As many as 88% of innovation leaders agree that successful organisations encourage innovation at every level and within every team – but only 16% of companies include “empowering individuals” as an essential part of their corporate culture.
This is one of the findings from a global survey of senior decision makers with involvement in innovation, conducted by Kaspersky with the help of independent research company Savanta.
The linear approach to innovation suggests that senior management initiates this process while subordinate roles are only engaged when it comes round to execution.
However, this is a concern as many in top management positions within enterprises may overlook business opportunities that employees who directly interact with customers or develop products can identify.
That’s why the absolute majority of innovation leaders believe that to be successful organisations should nurture an innovative mindset throughout the entire company. This will create a working atmosphere where everyone feels comfortable to share their thoughts on new ways of working. Moreover, 65% think that innovations are more effective when they are generated by employees.
Nonetheless, only 16% of respondents feel that their organisations now consider ’empowering individuals’ as an essential part of their corporate culture. While it ranks next to last in the list of the most common values, its position is higher in the list of the values that are important to be innovative.
Interestingly, diversity is also ranked higher as a value that is required to be successful. This suggests that innovations call for a multicultural environment and people with different backgrounds to encourage more diverse opinions and ideas.
“To unleash full innovative potential, it’s not enough to have a dedicated department,” comments Vitaly Mzokov, head of the Innovation Hub at Kaspersky. “The best results can be achieved when every employee has a voice and can contribute their ideas.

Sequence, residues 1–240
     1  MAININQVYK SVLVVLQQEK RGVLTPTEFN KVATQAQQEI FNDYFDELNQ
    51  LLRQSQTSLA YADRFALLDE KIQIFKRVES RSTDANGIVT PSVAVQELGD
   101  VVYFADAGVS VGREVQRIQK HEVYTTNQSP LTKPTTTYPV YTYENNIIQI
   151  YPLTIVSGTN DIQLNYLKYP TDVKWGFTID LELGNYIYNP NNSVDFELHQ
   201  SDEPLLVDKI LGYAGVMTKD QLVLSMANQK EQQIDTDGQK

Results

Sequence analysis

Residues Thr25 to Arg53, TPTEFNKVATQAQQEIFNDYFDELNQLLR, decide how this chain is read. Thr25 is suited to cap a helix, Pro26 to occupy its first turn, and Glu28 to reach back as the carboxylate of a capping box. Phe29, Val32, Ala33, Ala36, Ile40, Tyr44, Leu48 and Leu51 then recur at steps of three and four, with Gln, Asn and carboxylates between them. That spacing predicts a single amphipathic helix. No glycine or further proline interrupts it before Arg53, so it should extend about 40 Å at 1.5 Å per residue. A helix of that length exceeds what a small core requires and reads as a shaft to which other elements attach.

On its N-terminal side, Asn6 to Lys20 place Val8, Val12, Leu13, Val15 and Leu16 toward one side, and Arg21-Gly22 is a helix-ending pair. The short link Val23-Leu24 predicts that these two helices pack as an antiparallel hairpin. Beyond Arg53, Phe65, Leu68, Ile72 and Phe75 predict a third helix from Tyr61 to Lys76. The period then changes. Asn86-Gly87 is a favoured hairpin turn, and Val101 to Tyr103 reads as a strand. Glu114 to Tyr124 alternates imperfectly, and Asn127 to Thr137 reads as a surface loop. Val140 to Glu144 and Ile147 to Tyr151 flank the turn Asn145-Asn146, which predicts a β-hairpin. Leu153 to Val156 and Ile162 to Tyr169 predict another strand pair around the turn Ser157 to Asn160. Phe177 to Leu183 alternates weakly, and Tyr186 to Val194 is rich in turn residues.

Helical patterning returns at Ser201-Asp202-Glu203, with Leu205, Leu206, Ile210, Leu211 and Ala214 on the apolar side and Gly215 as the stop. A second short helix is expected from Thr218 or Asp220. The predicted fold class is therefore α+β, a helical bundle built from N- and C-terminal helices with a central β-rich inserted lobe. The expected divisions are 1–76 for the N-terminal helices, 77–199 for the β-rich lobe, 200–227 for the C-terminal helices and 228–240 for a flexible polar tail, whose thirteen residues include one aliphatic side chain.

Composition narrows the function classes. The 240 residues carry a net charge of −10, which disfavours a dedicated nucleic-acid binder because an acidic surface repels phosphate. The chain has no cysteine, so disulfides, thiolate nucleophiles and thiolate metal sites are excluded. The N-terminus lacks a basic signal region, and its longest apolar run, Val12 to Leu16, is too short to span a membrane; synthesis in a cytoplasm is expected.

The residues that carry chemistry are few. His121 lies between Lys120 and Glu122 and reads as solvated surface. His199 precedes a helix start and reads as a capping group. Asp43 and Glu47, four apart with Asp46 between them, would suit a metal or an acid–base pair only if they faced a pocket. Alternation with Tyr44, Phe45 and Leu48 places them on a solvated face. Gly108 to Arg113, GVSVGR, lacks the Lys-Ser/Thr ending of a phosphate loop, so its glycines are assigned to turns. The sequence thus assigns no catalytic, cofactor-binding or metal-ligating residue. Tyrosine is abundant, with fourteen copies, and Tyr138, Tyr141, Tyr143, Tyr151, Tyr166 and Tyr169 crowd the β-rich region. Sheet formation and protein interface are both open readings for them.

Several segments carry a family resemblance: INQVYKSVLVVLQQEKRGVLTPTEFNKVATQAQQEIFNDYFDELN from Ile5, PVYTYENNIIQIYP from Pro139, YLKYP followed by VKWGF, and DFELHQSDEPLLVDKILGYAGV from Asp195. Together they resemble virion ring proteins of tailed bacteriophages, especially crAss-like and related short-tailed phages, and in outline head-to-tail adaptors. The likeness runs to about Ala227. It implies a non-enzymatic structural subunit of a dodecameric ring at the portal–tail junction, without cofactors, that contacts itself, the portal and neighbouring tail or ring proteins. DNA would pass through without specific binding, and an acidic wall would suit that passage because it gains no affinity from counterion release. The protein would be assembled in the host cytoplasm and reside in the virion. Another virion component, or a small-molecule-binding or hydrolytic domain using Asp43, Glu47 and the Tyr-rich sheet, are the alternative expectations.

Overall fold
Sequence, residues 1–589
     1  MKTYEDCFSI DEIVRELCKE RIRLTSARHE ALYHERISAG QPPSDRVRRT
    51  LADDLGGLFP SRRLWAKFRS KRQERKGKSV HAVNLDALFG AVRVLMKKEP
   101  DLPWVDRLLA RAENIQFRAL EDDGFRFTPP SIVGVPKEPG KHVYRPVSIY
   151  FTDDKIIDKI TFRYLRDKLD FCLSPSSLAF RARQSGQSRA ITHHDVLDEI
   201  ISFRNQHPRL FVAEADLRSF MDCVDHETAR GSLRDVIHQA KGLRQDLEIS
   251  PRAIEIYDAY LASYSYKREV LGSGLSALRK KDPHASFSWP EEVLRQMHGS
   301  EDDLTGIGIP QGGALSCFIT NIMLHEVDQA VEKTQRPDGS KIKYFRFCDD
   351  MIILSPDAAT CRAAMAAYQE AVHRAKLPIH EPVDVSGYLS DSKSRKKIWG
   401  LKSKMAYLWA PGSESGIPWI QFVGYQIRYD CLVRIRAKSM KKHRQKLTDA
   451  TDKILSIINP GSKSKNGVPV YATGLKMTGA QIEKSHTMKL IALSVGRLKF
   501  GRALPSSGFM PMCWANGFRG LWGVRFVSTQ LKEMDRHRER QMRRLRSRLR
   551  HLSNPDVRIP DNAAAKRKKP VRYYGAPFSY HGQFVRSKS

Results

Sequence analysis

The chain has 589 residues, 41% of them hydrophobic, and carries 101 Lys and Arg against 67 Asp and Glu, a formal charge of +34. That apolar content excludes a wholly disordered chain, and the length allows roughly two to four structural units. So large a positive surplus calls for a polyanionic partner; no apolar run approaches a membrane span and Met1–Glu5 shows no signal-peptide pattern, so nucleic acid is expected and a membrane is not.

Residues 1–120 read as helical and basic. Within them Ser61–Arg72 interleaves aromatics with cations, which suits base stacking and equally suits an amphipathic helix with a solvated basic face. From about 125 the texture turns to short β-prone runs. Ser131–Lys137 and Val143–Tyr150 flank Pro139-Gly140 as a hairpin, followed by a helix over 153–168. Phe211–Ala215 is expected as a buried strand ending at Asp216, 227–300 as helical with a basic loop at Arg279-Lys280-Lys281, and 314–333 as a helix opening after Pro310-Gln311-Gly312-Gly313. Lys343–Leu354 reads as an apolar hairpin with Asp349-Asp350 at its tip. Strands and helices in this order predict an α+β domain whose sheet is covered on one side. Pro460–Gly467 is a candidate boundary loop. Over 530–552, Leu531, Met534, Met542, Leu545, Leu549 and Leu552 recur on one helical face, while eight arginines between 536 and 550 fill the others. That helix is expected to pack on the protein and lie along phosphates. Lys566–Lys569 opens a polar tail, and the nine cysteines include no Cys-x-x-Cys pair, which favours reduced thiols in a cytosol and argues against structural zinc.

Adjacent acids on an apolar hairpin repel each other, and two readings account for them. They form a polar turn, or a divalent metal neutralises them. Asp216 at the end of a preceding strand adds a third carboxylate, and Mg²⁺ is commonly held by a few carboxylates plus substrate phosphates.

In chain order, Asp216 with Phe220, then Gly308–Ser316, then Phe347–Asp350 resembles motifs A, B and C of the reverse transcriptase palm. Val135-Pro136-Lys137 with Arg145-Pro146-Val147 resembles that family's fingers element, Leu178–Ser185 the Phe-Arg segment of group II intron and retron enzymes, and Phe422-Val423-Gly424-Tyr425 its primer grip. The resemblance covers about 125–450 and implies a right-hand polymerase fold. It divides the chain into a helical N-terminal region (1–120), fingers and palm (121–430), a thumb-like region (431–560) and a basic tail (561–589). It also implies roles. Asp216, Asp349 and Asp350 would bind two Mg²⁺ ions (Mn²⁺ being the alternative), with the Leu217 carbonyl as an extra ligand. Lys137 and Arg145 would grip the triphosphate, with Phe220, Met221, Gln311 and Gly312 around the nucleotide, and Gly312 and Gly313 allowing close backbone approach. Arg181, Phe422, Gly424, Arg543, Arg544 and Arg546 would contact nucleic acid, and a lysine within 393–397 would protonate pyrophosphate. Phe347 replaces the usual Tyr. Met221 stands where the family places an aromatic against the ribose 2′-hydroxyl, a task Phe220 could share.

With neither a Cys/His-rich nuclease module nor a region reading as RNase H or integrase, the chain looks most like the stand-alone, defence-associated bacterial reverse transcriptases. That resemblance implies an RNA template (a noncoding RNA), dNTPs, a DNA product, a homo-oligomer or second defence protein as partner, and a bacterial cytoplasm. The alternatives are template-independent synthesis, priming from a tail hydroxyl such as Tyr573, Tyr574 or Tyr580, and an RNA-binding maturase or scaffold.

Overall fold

“Business leaders should encourage and curate this process in their organisations. And executives’ experience and views are more than helpful during the latter stages to align promising ideas with company strategy.”
To support bottom-up innovations Kaspersky recommends the following advice:
* Regularly highlight the importance of innovations in internal communications. This should be done both at C-level and through individual sync-ups with team managers.
* Implement a dedicated program that allows employees to propose new business ideas and opportunities. Set clear selection criteria, review procedures and committee who chooses the most promising ideas. Additionally, motivate employees with a reward program for successful concepts.
* To enhance not only idea generation but the execution of projects, organise a department where employees can work on their selected ideas. It should be separate from the core business and solely dedicated to innovation. They can still use resources and expertise from within the company, but could be autonomous from mechanisms that may stifle the startup mindset. For example, this subdivision can test its hypotheses on loyal customers to improve the offering based on their feedback.